Home Office Has Lost Track of 40,000 Rejected Migrants

Home Office has lost track of 40,000 rejected migrants

Richard Ford, Home Correspondent
From The Times
October 21, 2009

The Home Office has lost track of tens of thousands of migrants who were refused extensions to their visas more than six years ago, it emerged yesterday.

Officials have no idea whether the immigrants left the country as required or are still in Britain as illegal migrants.

Lin Homer, chief executive of the Border and Immigration Agency, disclosed the latest backlog of immigration cases in a letter to the Commons Home Affairs select committee.

The revelation comes three years after John Reid, then Home Secretary, described the Home Offices immigration department as not fit for purpose. His made his attack over the failure to deport foreign national prisoners after they had served a jail sentence and the backlog of failed ayslum cases.

The Agency is currently working its way through a backlog of between 400,000 – 450,000 old asylum cases and is now preparing to start work on the 40,000 backlog of old immigration cases.

We are also increasingly giving attentions to our older, archived, non asylum cases, where we have dealt with the application, but we have not formal record that the individual has left the country, Ms Homer said in the letter.

Officials in the Agency have started to look through the 40,000 case files to see if the immigrants are still in the country and can be removed.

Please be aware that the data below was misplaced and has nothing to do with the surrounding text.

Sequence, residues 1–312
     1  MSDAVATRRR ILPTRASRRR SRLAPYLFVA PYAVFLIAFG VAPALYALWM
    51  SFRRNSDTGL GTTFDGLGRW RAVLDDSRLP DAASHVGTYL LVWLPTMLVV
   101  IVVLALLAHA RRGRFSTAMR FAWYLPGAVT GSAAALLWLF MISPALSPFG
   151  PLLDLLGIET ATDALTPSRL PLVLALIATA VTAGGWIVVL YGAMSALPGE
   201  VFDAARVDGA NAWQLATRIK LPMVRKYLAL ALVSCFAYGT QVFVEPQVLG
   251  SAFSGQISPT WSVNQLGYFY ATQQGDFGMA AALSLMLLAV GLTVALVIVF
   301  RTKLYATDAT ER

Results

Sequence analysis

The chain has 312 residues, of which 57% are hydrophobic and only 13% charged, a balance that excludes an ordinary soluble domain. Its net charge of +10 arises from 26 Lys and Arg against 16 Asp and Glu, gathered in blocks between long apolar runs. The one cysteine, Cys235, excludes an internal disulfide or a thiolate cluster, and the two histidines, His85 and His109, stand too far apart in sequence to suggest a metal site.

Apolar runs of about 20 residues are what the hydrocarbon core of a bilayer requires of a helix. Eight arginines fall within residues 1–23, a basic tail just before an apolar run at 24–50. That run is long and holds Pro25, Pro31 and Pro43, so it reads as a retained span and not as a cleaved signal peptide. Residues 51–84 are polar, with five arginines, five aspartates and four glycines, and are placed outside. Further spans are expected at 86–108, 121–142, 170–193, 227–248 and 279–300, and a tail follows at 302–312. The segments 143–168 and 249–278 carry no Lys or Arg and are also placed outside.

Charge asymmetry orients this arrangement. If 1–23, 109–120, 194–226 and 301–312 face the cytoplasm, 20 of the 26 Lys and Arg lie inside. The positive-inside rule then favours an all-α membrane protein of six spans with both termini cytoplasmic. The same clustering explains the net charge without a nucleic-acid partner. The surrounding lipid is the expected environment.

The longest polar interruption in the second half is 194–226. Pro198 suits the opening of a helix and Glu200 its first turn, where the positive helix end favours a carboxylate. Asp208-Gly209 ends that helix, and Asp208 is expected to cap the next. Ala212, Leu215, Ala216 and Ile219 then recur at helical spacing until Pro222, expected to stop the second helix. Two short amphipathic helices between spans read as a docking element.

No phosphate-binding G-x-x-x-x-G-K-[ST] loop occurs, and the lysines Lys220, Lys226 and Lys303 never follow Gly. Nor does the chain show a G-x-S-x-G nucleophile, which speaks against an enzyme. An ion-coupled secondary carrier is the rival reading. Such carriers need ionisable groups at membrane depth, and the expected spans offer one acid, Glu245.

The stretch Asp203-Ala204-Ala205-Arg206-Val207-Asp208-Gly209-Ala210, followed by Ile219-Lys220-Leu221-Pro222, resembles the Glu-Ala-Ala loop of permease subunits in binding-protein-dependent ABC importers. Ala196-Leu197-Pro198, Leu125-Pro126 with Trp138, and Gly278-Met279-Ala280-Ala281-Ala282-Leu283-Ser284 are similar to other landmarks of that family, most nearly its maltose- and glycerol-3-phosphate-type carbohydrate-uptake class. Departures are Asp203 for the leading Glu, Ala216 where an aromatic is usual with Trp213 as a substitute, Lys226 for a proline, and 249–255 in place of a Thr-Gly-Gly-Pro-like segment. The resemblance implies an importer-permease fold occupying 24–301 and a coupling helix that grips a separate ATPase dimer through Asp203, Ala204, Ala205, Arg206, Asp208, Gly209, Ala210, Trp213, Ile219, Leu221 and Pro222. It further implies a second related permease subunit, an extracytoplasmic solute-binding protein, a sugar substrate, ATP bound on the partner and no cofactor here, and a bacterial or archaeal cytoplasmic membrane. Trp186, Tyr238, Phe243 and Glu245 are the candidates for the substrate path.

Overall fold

Ms Homer said most of the files related to cases dating back before 2003 and were immigrants who have been refused an extension to their visa allowing them to remain in the UK.

In the letter to Keith Vaz, chairman of the Home Affairs select committee, Ms Homer said that the names are to be checked against police records and the anti-terror watchlist to see if any individual is harmful to the public.

Critics of the Home Office said the figures disclosed the utter chaos in the immigration system.

Ms Homer said in her letter that in some of the old immigration cases further action against the individuals might be possible.

In the last few months we have begun the process of reviewing these files to consider if any further action is necessary or possible. Where further action is required it will be taken and any cases which may be considered as harmful to the public will be prioritised.

Sir Andrew Green, chairman of Migrationwatch UK said: Yet another skeleton in the Home Office cupboard.

Tens of thousands of case files lying around and the true situation covered up for years on end. This is symptomatic of the utter chaos in the asylum and immigration system during the past ten years.

Nobody in the private sector would get away with such a performance.

A Home Office spokesman said the department believed many of the individuals had returned home, been removed or had been allowed to stay in Britain after applying through in another category.

The spokesman added: We expect those that are here illegally to return home. Where they refuse to do so, we will seek to enforce their return.


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